by Rich Nilsen,
If struggle with getting refreshing sleep on a regular basis, you are hardly alone. Approximately 70 million Americans regularly suffer from insomnia each year, and it is 1.4 times more common in women than men. On average fifty-eight percent of adults in the U.S. experience symptoms of insomnia a few nights a week or more.
Forty-four percent of U.S. adults are considered “problem sleepers.” About one-fifth of those in a clinical survey used drugs to counter-act insomnia at least once per week, and nearly 24 percent “depended” on sleep medication. Consumer Reports magazine found that 38 percent of those who had taken medication in the past month had been doing so for a minimum of two months. Who wants or needs that?
Consumer Reports also reported in their findings that the most common cause of insomnia was stress. Respondents worried about issues such as money, health, job security and family.
In 2001, 38 percent of adults were getting a minimum of eight hours sleep each night. Within only seven years this percentage had dropped to an alarming 26 percent. Ouch!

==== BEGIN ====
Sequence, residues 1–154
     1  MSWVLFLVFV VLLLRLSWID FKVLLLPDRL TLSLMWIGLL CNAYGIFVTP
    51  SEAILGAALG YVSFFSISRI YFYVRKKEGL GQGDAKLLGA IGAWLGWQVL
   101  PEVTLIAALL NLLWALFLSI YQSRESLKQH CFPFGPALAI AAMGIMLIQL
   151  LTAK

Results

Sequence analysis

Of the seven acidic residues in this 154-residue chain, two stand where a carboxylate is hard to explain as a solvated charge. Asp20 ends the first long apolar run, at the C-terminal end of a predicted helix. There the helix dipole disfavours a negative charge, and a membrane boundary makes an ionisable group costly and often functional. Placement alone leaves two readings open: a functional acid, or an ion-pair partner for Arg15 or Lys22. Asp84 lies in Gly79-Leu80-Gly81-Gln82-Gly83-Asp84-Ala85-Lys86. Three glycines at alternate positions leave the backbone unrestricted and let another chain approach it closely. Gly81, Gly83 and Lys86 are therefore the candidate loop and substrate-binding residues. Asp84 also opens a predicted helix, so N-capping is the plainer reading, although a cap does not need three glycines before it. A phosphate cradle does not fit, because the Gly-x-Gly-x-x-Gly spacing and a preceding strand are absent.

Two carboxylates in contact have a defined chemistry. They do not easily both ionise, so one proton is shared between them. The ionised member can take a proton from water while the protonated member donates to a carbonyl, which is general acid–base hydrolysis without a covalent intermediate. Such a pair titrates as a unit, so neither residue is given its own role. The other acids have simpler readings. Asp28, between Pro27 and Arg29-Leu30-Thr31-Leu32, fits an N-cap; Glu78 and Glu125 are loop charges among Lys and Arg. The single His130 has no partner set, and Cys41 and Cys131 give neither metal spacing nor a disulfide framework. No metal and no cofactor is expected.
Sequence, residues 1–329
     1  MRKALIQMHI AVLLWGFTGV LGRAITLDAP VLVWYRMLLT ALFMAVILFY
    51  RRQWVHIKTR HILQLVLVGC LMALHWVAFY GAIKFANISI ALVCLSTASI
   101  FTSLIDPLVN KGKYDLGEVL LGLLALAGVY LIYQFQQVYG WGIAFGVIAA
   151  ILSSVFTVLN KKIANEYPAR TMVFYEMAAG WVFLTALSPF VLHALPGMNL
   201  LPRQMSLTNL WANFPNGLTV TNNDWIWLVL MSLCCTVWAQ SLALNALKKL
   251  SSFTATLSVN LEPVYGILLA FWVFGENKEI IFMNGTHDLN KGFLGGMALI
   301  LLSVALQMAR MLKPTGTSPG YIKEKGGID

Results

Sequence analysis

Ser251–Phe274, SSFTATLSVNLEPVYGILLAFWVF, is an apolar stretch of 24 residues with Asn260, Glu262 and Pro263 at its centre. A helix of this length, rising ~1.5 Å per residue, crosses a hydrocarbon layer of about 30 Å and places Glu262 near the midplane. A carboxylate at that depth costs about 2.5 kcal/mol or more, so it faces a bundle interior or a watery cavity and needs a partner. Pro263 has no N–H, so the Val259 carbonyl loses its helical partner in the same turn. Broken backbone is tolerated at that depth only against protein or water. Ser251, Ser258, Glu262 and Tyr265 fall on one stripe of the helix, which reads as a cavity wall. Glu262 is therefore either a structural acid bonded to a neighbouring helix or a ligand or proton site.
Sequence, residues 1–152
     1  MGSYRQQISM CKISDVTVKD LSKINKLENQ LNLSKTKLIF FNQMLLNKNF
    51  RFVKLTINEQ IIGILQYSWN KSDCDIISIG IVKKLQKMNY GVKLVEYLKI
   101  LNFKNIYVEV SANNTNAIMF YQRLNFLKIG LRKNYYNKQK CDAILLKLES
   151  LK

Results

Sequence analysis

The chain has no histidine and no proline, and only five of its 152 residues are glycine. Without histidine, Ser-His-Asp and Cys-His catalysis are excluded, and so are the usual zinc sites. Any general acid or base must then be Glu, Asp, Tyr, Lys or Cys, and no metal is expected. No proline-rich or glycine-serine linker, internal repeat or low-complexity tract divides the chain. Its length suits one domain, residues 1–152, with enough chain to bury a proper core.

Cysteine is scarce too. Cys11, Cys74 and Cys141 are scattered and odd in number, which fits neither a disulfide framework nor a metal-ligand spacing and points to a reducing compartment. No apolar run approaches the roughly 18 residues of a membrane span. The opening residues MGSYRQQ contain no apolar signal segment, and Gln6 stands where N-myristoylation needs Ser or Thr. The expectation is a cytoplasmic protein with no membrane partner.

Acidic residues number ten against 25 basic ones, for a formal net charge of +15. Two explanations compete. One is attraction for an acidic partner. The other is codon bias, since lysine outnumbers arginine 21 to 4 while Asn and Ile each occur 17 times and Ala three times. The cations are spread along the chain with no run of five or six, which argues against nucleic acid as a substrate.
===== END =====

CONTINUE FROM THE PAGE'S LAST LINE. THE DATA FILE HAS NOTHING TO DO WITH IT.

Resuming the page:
Just how many people are affected by sleep issues? A survey in February 2009 by the National Association of Home Builders, which included builders and architects, predicted that over 60 percent of custom-made houses would have dual master bedrooms by the year 2015. That is a sad state of affairs for America’s marriages.
It’s an epidemic in this country and around the world, but it doesn’t have to be that way. Sleep is so vital to our overall well being and health. How can we be productive on the job or at home with the family if we are not fully alert? We might be able to succeed in the short term, but sleep deprivation always catches up to the person suffering from sleepless nights.
The question to ask yourself is how many nights per week do you not get a sound sleep? How many nights per week do you struggle to fall asleep or wake up much sooner than you want? Do you awake in the middle of the night and can not fall back to sleep?
If your answer is more than one night than you are suffering from sleep deprivation. There are several steps you need to take to begin to right the ship. For starters, turn off your electronic leash – iPad, blackberry, laptop – at least 30 minutes prior to bedtime. This will be one of the hardest things to do for many people, so I figured I would throw this out there early.
We’ll dive more into the steps you need to take in next week’s blog installment. In the meantime, power down and get some rest!